According to reports, the power situation in the South will improve by next year when the region will get connected with other grids, said Power Secretary P. Uma Shankar.
Peaking shortage will continue this year, with the southern region facing the highest deficit of 26 per cent, followed by the North-East (10 per cent) and the northern region (1.3 per cent), said the Central Electricity Authority (CEA).
This is because of transmission constraints between the Northern-North Eastern-Eastern Western (NEW) grid and Southern Regional grid, which restrict the flow of power.
Power Grid Corporation of India has taken up a Rs 1,930-crore project that will connect the southern grid to the national network.
This will facilitate the creation of the All-India Synchronous National Grid when all the five grids — Northern, Eastern, Western, North-Eastern and Southern — are interconnected.
According to the CEA, studies on anticipated power supply position for 2013-14 indicate there would be a shortage of 6.7 per cent.
In the South, the CEA expects the power deficit to come down in 2013-14, post the commissioning of the 1,000 MW Tuticorin and 2,000 MW nuclear projects, and other State-owned capacities coming on stream.
At the same time, the financial restructuring scheme opted by State electricity distribution companies (discoms) would help them buy more power. Andhra Pradesh and Tamil Nadu have implemented the schemes, said Uma Shankar.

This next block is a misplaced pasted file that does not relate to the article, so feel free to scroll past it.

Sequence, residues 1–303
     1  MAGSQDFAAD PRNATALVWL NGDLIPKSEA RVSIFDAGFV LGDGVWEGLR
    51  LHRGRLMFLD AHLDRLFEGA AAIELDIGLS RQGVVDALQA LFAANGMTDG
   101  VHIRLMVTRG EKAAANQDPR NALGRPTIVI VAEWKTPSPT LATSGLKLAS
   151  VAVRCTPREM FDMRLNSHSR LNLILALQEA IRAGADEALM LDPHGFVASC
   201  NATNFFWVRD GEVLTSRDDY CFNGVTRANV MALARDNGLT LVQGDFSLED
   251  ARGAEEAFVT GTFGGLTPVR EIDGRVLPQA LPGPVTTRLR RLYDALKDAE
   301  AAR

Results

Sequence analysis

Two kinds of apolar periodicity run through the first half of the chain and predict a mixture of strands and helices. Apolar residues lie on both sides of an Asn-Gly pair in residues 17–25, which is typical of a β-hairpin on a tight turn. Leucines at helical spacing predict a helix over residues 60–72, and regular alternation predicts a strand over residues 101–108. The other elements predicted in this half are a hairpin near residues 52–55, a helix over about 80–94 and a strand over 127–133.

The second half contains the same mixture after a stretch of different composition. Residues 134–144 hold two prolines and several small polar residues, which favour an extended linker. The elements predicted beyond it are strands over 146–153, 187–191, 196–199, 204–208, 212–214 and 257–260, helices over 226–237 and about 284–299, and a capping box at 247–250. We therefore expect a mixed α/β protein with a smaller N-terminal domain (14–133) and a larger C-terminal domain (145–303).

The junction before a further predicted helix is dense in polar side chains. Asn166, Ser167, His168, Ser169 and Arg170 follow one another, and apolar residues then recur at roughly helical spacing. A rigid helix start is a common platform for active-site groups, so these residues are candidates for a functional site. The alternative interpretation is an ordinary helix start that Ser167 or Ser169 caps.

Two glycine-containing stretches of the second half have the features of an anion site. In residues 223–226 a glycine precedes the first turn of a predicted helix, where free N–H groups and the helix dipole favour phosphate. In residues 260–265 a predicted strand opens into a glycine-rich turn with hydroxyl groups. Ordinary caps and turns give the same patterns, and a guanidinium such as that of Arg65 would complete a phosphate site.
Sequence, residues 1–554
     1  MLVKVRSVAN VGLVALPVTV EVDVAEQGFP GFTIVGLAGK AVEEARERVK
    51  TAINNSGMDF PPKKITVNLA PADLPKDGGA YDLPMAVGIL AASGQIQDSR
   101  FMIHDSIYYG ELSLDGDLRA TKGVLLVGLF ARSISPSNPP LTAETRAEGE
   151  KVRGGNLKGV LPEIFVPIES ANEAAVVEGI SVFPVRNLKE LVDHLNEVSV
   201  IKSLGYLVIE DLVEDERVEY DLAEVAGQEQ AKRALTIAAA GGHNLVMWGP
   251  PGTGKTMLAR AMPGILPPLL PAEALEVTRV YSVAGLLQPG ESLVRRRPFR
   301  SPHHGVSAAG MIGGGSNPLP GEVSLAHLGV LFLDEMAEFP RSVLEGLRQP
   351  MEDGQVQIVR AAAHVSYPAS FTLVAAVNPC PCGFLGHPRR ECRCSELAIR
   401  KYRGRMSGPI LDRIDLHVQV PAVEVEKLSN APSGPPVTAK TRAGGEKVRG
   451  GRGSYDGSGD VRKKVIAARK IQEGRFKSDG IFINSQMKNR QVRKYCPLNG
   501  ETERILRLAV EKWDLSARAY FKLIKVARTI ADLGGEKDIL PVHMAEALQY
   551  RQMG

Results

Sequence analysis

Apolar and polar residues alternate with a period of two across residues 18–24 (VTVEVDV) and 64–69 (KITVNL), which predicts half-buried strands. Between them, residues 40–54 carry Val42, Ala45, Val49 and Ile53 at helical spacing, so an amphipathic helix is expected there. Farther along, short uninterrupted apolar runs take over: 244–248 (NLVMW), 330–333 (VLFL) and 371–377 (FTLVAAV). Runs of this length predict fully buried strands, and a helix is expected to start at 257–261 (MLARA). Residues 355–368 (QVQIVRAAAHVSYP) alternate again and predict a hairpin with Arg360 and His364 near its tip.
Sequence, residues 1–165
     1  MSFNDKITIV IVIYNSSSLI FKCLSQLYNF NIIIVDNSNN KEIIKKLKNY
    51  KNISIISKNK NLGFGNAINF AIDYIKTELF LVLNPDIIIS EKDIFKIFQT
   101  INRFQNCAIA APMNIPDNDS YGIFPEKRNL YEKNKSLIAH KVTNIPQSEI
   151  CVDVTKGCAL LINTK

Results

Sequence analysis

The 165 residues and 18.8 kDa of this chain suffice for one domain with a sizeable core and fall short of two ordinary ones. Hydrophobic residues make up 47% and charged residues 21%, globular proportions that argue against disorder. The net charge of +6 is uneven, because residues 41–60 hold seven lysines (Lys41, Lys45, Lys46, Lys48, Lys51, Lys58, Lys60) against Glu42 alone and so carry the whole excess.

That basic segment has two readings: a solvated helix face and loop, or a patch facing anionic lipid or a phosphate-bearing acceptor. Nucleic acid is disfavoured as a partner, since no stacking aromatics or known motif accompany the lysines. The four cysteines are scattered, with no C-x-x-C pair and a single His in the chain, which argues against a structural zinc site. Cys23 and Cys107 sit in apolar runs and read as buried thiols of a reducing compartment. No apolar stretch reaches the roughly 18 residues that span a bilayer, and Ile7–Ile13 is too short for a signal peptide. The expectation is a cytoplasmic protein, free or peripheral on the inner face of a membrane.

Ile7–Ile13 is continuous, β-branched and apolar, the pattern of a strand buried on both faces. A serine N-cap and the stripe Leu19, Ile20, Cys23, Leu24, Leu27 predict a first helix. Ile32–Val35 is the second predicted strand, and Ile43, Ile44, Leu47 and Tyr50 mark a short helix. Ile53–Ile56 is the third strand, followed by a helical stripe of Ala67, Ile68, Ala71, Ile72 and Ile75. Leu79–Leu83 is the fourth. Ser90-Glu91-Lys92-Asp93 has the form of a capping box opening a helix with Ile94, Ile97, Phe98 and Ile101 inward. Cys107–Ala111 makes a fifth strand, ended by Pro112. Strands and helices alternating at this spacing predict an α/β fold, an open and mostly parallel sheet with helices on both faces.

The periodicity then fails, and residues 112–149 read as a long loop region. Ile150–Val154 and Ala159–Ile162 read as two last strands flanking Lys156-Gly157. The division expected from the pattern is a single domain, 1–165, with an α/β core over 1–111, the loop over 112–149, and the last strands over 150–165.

Interestingly, this summer spot electricity prices did not go up.
According to Indian Energy Exchange (IEX), the market clearance price (average pan-India price without congestion) has dropped to Rs 2.027 a unit in June against Rs 4/unit in the same month the previous year. In May 2013, prices dropped to Rs 2.73/unit against Rs 3.42/unit in the corresponding previous period; in April the average price was Rs 3.16/unit (Rs 3.12/unit).
“Low exchange prices provide opportunities to both industries and discoms. Discoms should also look at their long-term PPAs (power purchasing agreements) and compare the variable costs with the price prevailing on the exchange. If the variable cost of long-term power is costlier than the exchange price, they should buy from the exchange,” said Rajesh Mediratta, Director- Business Development, IEX.
At the same time, power producers will get a boost if the Cabinet Committee on Economic Affairs (CCEA) gives its go-ahead to the proposed fuel (imported coal) pass-through mechanism.
Independent power producers such as Adani (3,300 MW), CESC (1,200 MW), GMR (1,600 MW), Lanco (500 MW), Reliance Power (1,800 MW) and JSPL (1,200 MW) would benefit from a fuel pass-through mechanism as they will be able to operate at higher plant load factor (PLF), said Macquarie Equities Research.